Despite colossal investment, Angola's goal of pumping two million barrels of oil a day and even upstaging Nigeria as Africa's largest producer remains a pipedream.
To be sure, Angola's oil industry is going gang-busters.
State-owned oil firm Sonangol recently announced an $8-billion investment programme and began to flog ten on-shore concessions.
Total is slated to invest $16 billion, while other global energy companies ENI, Statoil and ConocoPhillips also have plans to put more work boots on the ground.
This has led officials to predict, again, that the country will break the symbolic production level of two million barrels a day and that it could even get within striking distance of Nigeria's 2.5 million a day rate.
Angola is keen to reach that level of production because, as well as two million being a nice round number, it would represent a significant boost for Africa's third-largest economy.
The black gold lying off the coast of the capital Luanda and the Cabinda enclave accounts for 30 to 40 percent of economic output and around 80 percent of government income.
Oil wealth has made many insiders rich, but has also been used to fund reconstruction since a devastating civil war ended in 2002.
And yet, the faster Angola pumps, the further it seems from its target.
Industry insiders say a mix of technical problems, infrastructure bottlenecks and state intervention means any attempt to retake the title of Africa's largest oil producer, which Angola briefly held in 2008, is likely to end in failure.
- 'Difficult to overtake Nigeria' -
Last year crude production fell 1.1 percent to 1.71 million barrels a day, a disappointing showing after a 4.5 percent jump the previous year.
That raised the ire of Sonangol's chief Francisco de Lemos, who demanded "explanations" from the heads of Chevron, Total, Esso and BP about a series of problems that contributed to the drop.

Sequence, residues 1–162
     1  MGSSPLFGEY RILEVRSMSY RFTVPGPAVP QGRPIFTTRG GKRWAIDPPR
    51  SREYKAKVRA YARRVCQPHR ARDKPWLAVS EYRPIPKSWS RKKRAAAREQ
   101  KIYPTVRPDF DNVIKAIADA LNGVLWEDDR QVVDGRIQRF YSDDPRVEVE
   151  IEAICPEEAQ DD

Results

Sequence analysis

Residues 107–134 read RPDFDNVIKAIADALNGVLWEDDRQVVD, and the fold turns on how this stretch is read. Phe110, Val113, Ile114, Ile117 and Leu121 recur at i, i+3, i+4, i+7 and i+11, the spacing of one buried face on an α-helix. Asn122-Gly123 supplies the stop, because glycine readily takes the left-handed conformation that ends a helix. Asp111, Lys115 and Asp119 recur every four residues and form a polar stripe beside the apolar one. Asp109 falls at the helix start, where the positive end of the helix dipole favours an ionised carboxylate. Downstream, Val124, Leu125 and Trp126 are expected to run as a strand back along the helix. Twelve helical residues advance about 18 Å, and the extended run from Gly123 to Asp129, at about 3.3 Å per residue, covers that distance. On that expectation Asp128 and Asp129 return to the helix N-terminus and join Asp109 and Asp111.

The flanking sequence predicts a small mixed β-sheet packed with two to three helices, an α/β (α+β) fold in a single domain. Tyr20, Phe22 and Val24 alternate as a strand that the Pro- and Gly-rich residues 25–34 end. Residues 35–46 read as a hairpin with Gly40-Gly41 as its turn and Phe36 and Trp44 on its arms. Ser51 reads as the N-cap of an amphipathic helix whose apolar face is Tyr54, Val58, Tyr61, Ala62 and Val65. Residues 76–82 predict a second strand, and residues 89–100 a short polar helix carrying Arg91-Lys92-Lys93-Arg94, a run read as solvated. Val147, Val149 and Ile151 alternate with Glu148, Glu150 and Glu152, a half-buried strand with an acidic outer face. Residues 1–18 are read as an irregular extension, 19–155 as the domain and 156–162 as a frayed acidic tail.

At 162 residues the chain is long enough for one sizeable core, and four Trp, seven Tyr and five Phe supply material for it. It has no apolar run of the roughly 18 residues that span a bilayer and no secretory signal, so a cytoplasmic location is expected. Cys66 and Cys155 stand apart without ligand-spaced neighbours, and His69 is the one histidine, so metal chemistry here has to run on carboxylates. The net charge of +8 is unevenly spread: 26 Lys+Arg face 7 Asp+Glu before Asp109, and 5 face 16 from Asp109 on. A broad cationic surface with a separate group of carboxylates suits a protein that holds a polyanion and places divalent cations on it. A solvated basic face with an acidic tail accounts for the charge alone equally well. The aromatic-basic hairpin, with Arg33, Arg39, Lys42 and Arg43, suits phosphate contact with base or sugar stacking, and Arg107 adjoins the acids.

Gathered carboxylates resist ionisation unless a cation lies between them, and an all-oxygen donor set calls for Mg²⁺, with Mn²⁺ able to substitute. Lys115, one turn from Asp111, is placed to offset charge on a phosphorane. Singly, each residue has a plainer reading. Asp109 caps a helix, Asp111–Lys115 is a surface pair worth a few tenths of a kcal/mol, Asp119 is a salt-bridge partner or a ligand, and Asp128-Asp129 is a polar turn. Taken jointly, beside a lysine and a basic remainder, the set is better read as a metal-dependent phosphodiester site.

Maintenance work, mechanical damage and delays in delivering technical equipment have all taken their toll.
Foreign operators complain that the delays often stem from Sonangol's insistence that it gives final approval to any construction or technical work.
Amid the mudslinging, Fitch has downgraded Angola's credit rating outlook from positive to stable, a move that could make foreign investors more cautious.
"Expanding the hydrocarbon sector has proved more challenging, compared with what was expected," the ratings agency said.
But geology is also a factor in the decline.
Angola's expensive-to-drill "ultra-deep" blocks and the "maturing" shallow-water concessions will limit production, according to Alex Vines of UK-based think tank Chatham House.
Fitch estimates Angola's output is declining at a rate of around 200,000 barrels per day, each year.
"It will be difficult for Angola one day to overtake Nigeria, which has much larger reserves and currently superior production capacity," said independent consultant Jose de Oliveira.
While new discoveries will push Angola's reserves beyond its current proven reserves of 12.7 billion barrels, that still lags far behind Nigeria's 37.2 billion.
"The new operations launched this year and next year won't push production to two million barrels because at the same time older oil fields are producing less," said de Oliveira.
He added there was "no point" in targeting record production when much of the revenue is being lost to corruption, he added.
By some estimates, billions of dollars have vanished while around two-thirds of the 19 million Angolans wallow in extreme poverty.
Facing problems likes these -- and the outlook for oil prices is weak -- less may be better for Angola's oil industry.